Tue 16 Sep 2014 @ 12:50
RT @StPaulsForumReading this poet is like feeling the first drops of rain after a long season of drought. AN Wilson on #RowanWilliams http://t.co/Ud6xfOeod0
Author(s): Michael Counsell, Jill Bentley
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Michael Counsell is the author of "Every Pilgrim's Guide to the Journey's of the Apostles", "Every Pilgrim's Guide to Oberammergau", "2000 Years of Prayer" and "All through the Night". Recently retired from parish ministry in London, he is presently serving an Anglican church in Athens.
England has a wealth of Christian heritage sites. From the grandeur of Westminster Abbey and St Paul’s Cathedral in London, through St Michael’s Mount in Cornwall, to the ruins of St Augustine’s Abbey in Kent and the many beautiful parish churches which are found throughout the land from Cumbria and North Yorkshire to Devon. Some are still in everyday use and are descended upon by thousands of tourists every year, while others are barely acknowledged by those who live alongside them.
All however, have played a part in England’s spiritual story, as a source of inspiration for pilgrims and worshippers over the centuries, and many of them are now featured in Michael Counsell’s new book ‘Every Pilgrim’s Guide to England’s Holy Places’.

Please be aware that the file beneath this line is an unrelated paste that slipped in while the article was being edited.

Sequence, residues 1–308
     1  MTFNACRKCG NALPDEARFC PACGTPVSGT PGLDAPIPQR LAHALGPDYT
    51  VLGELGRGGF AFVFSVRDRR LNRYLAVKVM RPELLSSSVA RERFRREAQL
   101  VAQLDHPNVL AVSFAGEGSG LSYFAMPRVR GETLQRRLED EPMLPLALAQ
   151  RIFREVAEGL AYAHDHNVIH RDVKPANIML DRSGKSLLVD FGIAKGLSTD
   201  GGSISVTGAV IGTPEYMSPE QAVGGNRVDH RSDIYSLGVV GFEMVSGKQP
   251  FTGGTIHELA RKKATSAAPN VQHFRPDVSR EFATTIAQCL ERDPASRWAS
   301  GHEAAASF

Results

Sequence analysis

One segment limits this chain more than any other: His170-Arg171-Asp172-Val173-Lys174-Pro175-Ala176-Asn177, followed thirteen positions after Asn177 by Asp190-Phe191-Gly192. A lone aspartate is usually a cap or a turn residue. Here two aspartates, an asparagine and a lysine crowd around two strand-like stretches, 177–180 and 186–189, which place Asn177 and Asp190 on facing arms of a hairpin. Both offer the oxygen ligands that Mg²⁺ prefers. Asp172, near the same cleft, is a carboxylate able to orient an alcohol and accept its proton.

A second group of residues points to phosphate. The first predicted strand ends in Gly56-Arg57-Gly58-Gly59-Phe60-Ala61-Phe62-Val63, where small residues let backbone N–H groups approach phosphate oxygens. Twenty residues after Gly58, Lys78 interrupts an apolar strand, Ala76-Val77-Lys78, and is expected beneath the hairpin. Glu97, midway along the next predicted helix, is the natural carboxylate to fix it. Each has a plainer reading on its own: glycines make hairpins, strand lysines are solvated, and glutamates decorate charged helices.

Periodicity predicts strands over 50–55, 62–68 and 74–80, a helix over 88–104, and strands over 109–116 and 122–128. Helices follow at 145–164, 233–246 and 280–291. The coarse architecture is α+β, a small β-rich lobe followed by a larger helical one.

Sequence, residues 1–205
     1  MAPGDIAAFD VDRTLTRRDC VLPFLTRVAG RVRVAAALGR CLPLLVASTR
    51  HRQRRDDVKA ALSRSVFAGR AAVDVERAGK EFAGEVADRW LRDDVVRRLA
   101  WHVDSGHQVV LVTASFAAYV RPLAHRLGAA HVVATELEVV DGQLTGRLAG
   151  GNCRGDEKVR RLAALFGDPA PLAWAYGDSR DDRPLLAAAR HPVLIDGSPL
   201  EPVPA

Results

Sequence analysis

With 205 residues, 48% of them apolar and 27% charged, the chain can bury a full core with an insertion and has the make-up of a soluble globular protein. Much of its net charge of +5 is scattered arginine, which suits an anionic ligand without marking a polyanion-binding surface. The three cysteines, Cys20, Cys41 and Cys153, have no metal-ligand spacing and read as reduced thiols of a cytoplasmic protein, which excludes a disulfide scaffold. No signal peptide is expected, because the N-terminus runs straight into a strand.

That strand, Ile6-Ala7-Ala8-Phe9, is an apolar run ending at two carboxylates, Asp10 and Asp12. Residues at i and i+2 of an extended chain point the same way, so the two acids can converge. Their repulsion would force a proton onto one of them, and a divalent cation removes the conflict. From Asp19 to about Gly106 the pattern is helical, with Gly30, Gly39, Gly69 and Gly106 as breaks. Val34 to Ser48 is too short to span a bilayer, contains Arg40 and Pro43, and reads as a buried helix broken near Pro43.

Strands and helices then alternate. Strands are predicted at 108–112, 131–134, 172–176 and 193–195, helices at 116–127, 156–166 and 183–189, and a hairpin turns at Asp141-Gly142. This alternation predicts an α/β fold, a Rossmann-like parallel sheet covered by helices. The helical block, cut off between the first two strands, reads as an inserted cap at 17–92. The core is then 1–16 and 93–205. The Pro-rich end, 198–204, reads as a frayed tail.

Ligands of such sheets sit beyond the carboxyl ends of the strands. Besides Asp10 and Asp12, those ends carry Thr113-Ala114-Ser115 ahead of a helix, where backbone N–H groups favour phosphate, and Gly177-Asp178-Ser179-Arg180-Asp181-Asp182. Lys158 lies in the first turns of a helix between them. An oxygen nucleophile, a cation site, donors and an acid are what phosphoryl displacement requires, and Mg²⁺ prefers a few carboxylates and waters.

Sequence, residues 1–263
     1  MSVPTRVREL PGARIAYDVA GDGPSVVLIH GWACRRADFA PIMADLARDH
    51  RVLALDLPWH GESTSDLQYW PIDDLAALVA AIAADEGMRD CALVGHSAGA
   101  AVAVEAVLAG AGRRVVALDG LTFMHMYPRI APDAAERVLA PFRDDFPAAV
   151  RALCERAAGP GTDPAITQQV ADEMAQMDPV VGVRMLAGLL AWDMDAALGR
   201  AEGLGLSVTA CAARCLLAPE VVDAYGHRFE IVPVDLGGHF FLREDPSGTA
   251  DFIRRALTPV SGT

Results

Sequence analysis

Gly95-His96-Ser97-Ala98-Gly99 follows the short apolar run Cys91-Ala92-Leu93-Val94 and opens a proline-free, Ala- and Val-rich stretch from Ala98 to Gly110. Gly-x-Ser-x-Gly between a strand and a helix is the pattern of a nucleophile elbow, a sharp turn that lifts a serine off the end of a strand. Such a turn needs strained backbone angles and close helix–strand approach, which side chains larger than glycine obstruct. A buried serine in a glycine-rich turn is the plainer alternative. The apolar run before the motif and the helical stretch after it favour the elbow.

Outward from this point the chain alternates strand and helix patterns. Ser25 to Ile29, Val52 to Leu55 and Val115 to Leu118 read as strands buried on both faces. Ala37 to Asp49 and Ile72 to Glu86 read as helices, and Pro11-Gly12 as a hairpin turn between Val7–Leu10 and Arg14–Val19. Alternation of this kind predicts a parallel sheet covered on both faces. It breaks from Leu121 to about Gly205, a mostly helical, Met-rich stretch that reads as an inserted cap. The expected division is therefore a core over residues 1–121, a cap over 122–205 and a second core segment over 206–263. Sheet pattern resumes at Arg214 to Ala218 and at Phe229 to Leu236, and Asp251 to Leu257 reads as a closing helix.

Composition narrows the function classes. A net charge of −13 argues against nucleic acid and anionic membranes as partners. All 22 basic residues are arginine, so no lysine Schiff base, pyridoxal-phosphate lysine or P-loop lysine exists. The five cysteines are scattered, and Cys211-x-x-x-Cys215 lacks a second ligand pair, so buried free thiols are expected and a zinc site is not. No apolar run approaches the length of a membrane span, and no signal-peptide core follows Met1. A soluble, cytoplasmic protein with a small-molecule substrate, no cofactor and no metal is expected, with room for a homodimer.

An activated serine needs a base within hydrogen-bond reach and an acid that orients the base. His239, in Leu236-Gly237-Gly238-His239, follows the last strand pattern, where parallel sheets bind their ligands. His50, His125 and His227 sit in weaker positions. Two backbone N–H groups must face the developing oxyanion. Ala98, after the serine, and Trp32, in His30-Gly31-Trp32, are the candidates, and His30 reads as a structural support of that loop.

Travelling in a clockwise direction around the country, Counsell takes us on a fascinating journey to hundreds of places of interest – from the ‘must see’ to the well-hidden holy sites - in every region of the land.
Filled with fascinating facts, the pocket sized travel guide reveals much about all aspects of the sites. We learn when they were built and by whom, as well as specific design features. There is also information about important people who have been connected with certain places – not just the great and the mighty, but others who have made a lasting contribution. In Winchester Cathedral for example, we are told of a statue to William Walker, a diver, who worked under water for six years from 1906 to 1912, to replace rotting timbers, which were causing cracks in the walls and parts of the ceiling to fall.
As well as charming tales, there is also practical information for visitors. From all-important opening times, local facilities and access, to transport and church service timetables.
In his introduction Counsell says he hopes that ‘readers will visit those places listed here not only as tourists but also as worshippers and pilgrims, and that they will be enriched by the experience’. I am sure that he won’t be disappointed.